Too much of anything can be a bad thing. In the case of protein and protein supplements, too much can be fatal.
The New York Post reported the case of a 25-year-old Australian woman who was found unconscious in her apartment. At the hospital, doctors declared the woman, Meegan Hefford, to be brain dead. She died just two days later.
After some investigation, doctors learned that Hefford had a rare condition called urea cycle disorder. People with this condition have trouble removing all the nitrogen from their body. As a result, the nitrogen buildup turns into ammonia, a toxic compound that can cause irreversible brain damage, coma, or death.
In Hefford’s case, the condition was likely fatally exacerbated by the overconsumption of protein products, given that she was a bodybuilder. Not unusually, people who aim to bulk up their musculature tend rely on a heavy protein diet to sustain their training and increase muscle mass. In addition to protein-rich foods, such as meats, eggs, and dairy, many bodybuilders also incorporate shakes and over-the-counter supplements to meet their protein requirements.
Normally, when a person consumes protein, the body breaks down the product into basic small molecules, known as amino acids. These building blocks are used in a wide range of cellular processes, from the production of enzymes to the synthesis of DNA. When there are excess amino acids, the body converts these into nitrogen, which is excreted through urine in the form of urea.
In people with urea cycle disorder, genetic defects in one of the six enzymes involved in the urea cycle prevent the conversion of nitrogen into urea. Consequently, the nitrogen (formed by excess amino acids) gets stuck once converted into ammonia, a cycle intermediate. When there’s too much ammonia in the blood (hyperammonemia), major organs are susceptible to irreversible damage.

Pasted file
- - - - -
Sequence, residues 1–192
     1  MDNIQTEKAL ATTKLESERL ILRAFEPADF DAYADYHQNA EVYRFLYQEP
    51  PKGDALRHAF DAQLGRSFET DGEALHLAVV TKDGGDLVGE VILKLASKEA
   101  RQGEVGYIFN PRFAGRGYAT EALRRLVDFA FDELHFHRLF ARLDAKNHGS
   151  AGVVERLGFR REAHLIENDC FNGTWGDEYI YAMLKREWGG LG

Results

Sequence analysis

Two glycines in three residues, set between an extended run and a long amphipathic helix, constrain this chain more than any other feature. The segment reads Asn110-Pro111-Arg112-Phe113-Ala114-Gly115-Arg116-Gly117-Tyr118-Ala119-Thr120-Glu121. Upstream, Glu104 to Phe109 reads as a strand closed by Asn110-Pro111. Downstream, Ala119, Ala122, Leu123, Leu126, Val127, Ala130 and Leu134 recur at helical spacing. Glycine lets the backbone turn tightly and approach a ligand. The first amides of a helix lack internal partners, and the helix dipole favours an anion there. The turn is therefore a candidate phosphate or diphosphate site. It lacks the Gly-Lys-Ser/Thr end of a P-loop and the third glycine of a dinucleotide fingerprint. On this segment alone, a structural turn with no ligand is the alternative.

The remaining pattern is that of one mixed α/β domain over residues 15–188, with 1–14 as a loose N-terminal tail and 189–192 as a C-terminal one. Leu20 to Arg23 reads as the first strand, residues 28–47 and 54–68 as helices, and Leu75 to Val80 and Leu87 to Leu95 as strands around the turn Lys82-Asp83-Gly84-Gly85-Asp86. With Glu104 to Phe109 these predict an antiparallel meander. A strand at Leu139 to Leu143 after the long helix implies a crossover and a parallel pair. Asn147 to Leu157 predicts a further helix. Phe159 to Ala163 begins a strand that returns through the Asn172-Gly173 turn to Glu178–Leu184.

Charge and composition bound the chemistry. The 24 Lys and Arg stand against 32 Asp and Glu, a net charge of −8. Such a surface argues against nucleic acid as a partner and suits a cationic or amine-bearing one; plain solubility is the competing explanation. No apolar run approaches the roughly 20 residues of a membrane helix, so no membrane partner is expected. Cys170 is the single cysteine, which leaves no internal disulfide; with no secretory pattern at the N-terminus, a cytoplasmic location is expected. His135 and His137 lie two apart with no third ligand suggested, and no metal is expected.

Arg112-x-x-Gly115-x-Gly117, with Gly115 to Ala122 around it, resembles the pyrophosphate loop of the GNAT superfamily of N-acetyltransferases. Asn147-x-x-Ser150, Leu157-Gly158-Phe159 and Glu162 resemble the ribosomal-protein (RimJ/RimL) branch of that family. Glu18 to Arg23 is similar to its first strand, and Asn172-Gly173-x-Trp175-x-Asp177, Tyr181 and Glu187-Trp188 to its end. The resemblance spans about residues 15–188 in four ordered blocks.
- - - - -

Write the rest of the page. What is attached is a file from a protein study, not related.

Doctors suspect the combination of urea cycle disorder and overconsumption of proteins led to Hefford’s death.
While some types of urea cycle disorders are detected at birth, some types are less severe and show up in adulthood, triggered by lifestyle factors. Notably, drastic changes in dietary habits, such as eating more proteins than the body can use, will trigger hyperammonemia. Beyond diets, some people develop symptoms from childbirth, viral infections, and even stress.
Treatment for urea cycle disorders is currently centered on careful management of protein intake. Once diagnosed, patients are put on low-protein, high-calorie diets. While diet changes can be very effective in managing the symptoms, some people may need to take drugs to help clear the extra ammonia from the body. In all cases, patients will have to be monitored regularly for ammonia buildup.
Additional sources: Live Science